Early post-settlement mortality of the scallop Pecten fumatus and the role of algal mats as a refuge from predation

T. Mendo*, J. M. Lyle, N. A. Moltschaniwskyj, J. M. Semmens

*Corresponding author for this work

Research output: Contribution to journalArticlepeer-review

2 Citations (Scopus)


Early post-settlement mortality is one of the main processes determining distribution and abundance patterns of marine benthic invertebrates. Most scallops have an attached phase as spat before they release the byssus and move onto the soft sediments. Thus, spat differ from other stages of life in their use of microhabitat, lack of mobility, and therefore in their vulnerability to mortality processes such as predation. However, the contribution of predation to explain levels of mortality experienced by spat and early juvenile scallops is unknown. Complex habitats such as seagrasses and algae provide a substrate upon which spat can attach and might confer an advantage as a refuge from predation. This study investigates the contribution of early post-settlement predation on abundance of Pecten fumatus and determines the role of the algae Hincksia sordida as a refuge from predation. Data were collected using field observations, a predator exclusion experiment, and tethering techniques. Mortality of up to 85% during the first weeks after settlement appeared to have prevented the establishment of an adult population at our study site. Mats of the macroalgae H. sordida provided a settlement substrate for P. fumatus spat. However, increased algal biomass did not provide greater protection from predation to juvenile scallops than lower algal biomass. Our study suggests that prey survival in submersed vegetation is likely to be dynamic among years, and affected by prey behaviour and density as well as the characteristics of the submerged vegetation.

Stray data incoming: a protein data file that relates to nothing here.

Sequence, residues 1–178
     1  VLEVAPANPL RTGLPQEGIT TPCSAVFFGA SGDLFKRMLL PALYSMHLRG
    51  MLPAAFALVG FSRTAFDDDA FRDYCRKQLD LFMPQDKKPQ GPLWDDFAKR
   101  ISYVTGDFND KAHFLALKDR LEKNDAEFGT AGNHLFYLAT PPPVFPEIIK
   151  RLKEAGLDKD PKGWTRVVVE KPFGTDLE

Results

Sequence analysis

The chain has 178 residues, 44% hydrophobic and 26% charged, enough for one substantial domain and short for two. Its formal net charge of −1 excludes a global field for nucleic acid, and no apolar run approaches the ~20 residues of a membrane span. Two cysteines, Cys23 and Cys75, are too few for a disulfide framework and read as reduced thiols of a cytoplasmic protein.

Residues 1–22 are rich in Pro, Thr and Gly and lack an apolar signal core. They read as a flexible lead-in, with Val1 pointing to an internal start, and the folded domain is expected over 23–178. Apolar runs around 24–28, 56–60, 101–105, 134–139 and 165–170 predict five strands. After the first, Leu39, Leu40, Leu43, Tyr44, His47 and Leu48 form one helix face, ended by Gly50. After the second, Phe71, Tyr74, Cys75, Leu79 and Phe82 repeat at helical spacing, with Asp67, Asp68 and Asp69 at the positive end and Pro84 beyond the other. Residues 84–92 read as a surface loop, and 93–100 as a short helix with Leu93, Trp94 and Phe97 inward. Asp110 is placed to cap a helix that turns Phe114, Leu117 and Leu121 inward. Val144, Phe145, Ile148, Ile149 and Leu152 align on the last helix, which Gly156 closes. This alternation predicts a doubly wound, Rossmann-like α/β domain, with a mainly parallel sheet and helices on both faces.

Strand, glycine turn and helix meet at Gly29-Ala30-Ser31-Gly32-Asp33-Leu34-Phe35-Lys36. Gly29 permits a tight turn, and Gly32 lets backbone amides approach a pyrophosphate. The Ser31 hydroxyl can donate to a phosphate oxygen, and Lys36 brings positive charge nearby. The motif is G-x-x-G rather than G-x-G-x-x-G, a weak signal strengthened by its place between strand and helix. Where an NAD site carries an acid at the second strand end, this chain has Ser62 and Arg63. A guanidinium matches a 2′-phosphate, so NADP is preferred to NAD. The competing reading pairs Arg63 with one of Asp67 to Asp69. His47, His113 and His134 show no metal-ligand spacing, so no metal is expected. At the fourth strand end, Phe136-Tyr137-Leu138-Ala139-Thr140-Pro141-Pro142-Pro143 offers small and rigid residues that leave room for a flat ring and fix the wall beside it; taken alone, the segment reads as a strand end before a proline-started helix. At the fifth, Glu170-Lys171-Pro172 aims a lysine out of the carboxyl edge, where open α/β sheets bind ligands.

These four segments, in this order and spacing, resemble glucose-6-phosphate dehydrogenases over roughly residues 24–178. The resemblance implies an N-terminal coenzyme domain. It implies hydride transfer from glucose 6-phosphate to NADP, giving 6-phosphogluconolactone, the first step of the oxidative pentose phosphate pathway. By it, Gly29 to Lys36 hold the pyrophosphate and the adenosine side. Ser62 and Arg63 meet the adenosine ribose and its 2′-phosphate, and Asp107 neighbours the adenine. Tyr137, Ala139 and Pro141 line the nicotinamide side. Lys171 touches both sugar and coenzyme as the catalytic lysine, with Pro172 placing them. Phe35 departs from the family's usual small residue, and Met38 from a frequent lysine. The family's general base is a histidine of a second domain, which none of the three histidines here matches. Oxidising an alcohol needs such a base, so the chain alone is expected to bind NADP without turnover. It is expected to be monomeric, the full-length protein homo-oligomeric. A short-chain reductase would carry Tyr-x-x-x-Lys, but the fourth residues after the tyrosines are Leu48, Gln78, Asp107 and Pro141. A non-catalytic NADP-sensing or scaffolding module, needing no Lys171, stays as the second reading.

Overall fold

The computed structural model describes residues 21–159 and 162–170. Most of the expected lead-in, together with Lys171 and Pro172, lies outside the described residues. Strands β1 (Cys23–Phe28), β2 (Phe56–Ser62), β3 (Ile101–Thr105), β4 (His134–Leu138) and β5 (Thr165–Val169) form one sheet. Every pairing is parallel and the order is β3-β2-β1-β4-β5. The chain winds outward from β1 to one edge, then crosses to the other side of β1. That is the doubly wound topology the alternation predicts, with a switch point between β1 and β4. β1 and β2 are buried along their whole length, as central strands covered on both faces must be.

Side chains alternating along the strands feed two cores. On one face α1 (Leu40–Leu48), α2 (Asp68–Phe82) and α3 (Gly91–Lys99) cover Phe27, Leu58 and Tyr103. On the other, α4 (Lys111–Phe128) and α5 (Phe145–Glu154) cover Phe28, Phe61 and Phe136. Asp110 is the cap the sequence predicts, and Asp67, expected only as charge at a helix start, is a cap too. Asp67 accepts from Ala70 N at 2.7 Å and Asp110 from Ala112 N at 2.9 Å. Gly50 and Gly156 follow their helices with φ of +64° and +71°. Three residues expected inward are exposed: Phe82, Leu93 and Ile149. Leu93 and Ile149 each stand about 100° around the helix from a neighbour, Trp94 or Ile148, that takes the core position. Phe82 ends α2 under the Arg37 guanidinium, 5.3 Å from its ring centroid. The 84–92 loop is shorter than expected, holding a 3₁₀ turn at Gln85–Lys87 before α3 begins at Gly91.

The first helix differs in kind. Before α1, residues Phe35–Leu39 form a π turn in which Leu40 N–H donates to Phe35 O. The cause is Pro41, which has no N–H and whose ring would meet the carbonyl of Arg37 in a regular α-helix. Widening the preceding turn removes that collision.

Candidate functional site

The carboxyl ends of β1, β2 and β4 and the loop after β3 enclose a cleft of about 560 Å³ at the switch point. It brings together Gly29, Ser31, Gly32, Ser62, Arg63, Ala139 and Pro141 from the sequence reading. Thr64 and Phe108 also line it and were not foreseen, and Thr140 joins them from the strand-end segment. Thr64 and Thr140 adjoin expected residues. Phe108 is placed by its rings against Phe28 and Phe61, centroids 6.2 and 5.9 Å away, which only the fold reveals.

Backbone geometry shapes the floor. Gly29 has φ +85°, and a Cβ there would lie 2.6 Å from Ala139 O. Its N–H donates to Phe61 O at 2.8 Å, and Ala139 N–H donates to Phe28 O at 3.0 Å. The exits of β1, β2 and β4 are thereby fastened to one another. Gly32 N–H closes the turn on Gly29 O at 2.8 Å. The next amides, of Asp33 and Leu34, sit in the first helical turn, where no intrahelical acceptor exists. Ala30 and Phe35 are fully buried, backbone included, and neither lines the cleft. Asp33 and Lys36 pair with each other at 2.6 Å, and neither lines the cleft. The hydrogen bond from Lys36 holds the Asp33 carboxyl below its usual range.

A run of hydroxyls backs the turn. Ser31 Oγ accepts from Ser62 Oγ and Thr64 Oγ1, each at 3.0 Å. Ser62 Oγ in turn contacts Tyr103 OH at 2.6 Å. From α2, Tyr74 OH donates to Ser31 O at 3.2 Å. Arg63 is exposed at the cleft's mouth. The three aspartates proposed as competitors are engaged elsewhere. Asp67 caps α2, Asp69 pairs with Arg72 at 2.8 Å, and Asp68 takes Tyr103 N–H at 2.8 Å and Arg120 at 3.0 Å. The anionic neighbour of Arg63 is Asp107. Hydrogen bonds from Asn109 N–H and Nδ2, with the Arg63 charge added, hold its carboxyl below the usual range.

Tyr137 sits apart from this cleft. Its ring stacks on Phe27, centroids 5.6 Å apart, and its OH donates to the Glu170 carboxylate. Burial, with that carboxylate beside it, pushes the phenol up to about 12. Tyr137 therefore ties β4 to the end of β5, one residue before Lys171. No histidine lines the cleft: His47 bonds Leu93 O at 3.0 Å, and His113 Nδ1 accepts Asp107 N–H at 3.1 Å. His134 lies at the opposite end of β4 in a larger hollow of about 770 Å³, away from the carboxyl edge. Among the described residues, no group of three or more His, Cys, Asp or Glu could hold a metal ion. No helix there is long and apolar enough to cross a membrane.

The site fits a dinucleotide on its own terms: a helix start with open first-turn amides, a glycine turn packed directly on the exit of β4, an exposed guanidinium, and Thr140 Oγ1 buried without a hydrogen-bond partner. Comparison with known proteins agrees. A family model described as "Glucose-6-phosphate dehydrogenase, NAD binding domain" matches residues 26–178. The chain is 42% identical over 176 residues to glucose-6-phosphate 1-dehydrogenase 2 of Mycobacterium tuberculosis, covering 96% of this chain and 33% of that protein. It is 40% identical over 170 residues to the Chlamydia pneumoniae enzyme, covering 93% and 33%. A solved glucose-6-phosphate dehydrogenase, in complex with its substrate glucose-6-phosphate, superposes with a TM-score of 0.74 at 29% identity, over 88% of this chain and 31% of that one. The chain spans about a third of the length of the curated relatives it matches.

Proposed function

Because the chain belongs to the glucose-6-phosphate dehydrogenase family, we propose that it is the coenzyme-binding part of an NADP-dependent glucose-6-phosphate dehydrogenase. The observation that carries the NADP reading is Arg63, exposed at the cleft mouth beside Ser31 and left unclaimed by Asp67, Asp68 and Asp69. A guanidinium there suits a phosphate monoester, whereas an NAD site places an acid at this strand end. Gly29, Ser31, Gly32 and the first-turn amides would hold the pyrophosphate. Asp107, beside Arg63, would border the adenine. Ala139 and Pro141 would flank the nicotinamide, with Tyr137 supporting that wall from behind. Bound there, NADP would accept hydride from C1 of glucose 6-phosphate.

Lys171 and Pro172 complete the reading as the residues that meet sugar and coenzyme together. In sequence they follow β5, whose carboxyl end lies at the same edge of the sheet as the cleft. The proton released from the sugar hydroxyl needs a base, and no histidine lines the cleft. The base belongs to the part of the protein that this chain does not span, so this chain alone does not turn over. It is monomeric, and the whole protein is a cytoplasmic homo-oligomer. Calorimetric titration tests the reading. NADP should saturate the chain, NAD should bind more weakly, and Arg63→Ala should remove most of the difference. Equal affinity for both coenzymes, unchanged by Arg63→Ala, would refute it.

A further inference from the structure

Original languageEnglish
Pages (from-to)2322-2331
Number of pages10
JournalICES Journal of Marine Science
Issue number8
Publication statusPublished - 2015


  • Bivalves
  • Habitat complexity
  • Macroalgae
  • Predation
  • Submersed vegetation


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